KANSAS CITY, Mo. - It's been a while, about 50 years, since I was here. It was usually on one of those weekends when the fraternity's pledge class would head out to the nearest big city. Half of us headed west to Kansas City, the other east to St. Louis. I was always in the Kansas City contingent. After all, it was one of those places Where the West Begins. It had vistas, fountains, parks, river walks, the old Muehlebach Hotel, Kansas City sirloin and prime rib, and, sweetest and soulfulest of all, the Kansas City blues. Who could resist?
On one visit, a blind date who had a sense of humor gave me her street address: 4525 Oak. I drove up the spacious driveway promptly at 7, whereupon she stepped out from behind the pillars of the impressive mansion and came flouncing down the short set of concrete stairs. Quite an entrance.
It didn't take me long to realize the young lady had emerged from theshadows of the William Rockhill Nelson Art Gallery - a 1930ish example of what might be called industrial classical. Back then, it had stood in solitary dignity. Much has changed since, not necessarily for the better. Now a couple of gigantic Claes Oldenburg shuttlecocks have been plunked downon the once wide, unbroken expanse of lawn - as if the visitor had interrupted a gigantic game of badminton.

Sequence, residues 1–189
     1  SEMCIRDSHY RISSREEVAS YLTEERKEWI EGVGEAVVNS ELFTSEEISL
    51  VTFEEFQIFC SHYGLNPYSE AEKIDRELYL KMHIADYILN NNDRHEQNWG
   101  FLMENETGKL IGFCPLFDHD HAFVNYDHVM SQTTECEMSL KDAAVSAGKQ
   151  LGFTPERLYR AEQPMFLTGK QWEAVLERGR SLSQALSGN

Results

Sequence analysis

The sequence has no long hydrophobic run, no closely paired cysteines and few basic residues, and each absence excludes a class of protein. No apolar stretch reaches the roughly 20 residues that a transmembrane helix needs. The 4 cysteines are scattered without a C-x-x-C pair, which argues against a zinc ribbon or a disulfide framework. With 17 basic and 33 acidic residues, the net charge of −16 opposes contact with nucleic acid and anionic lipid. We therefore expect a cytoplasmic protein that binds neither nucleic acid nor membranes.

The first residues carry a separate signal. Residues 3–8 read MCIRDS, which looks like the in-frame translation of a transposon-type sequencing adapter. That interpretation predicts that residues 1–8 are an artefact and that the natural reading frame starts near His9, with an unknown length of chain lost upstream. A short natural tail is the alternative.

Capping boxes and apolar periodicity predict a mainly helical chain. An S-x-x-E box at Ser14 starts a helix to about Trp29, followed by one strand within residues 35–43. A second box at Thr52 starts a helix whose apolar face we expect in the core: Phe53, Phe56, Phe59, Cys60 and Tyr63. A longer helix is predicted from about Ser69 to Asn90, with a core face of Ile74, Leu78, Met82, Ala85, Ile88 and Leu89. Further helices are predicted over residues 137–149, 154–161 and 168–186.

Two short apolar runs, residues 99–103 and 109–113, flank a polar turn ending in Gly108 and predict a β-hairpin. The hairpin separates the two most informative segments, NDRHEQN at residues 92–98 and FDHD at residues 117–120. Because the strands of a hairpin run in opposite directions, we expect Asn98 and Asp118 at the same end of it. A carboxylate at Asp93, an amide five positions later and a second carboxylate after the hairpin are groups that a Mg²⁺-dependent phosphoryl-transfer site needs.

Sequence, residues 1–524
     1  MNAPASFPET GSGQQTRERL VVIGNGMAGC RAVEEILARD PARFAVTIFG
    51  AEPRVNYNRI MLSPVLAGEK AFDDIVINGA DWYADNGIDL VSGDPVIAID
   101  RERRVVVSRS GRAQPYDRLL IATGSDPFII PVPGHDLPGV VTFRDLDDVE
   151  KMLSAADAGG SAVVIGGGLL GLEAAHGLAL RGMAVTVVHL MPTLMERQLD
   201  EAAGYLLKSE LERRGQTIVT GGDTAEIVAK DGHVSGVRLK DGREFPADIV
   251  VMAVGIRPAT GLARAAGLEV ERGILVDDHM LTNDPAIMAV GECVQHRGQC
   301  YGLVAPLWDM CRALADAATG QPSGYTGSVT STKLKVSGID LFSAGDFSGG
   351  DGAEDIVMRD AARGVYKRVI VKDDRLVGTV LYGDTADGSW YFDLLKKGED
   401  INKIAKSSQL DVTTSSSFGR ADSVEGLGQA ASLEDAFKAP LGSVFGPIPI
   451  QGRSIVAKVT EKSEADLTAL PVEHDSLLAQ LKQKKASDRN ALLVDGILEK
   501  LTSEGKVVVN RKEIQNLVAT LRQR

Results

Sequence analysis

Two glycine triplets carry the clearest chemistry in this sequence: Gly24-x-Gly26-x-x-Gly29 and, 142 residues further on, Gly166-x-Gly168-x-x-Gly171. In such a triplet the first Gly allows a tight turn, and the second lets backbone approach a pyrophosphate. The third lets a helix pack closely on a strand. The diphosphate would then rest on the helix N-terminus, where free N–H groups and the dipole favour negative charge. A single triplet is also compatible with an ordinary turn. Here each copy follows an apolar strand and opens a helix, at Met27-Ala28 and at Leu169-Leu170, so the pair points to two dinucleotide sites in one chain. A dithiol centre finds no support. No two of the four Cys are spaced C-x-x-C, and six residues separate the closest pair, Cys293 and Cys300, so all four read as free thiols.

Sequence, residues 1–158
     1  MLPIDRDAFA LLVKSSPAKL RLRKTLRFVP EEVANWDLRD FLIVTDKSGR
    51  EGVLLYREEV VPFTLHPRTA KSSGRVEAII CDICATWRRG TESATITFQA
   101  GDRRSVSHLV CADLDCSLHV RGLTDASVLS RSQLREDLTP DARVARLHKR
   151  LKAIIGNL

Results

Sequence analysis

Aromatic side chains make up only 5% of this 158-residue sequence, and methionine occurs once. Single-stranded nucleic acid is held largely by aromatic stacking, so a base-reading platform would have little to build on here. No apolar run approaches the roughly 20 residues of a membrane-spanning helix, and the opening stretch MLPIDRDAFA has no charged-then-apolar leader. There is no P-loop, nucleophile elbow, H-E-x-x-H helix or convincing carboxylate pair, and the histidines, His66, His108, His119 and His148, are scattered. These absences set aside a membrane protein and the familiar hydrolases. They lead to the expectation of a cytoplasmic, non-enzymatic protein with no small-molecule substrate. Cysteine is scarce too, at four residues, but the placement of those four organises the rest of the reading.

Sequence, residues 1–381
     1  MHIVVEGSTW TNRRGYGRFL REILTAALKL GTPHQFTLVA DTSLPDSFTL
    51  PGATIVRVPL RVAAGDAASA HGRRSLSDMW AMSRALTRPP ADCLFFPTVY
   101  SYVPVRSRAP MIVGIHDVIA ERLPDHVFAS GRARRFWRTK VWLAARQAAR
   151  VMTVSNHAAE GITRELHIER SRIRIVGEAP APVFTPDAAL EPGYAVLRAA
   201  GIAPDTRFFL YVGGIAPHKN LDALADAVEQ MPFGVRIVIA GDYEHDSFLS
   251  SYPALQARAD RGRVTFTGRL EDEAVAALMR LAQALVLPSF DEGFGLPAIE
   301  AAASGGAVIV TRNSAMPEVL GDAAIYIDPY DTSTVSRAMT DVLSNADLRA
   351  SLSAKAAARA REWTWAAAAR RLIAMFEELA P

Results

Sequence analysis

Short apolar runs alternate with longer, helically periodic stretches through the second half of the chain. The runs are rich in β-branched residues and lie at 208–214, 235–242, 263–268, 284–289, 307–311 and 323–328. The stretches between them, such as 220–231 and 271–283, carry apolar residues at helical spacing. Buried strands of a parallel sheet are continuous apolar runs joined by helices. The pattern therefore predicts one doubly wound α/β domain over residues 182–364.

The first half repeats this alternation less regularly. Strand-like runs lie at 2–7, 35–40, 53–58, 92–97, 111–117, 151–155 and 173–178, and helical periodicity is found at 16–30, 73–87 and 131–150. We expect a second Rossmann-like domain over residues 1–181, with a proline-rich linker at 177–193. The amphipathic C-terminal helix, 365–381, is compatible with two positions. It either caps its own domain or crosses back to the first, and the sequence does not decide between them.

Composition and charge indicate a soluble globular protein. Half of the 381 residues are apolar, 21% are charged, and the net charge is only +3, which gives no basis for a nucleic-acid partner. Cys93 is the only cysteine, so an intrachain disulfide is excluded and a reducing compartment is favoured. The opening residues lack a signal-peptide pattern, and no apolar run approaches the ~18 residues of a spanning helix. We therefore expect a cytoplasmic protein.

More unsettling, a kind of big, segmented tube has been attached to the stately old museum. Like a vermiform appendix. It looks like the standard airport concourse, only without the personality. I kept looking for the screen showing Arrivals and Departures. The new addition goes on and on likesome huge nematode, raising the fear that, even if you cut it in half, eachof the halves would just grow back again.
The new addition is as unfixable as some amorphous Thing From Another Planet in a bad sci-fi flick. It makes quite a contrast with the old museum it'sbeen attached to like a parasite. Old dignity, meet new shapelessness.
The architect's statement we're handed proudly compares the new addition with the original, much to the disadvantage of the original, listing qualities for each:
Original . . . New . . .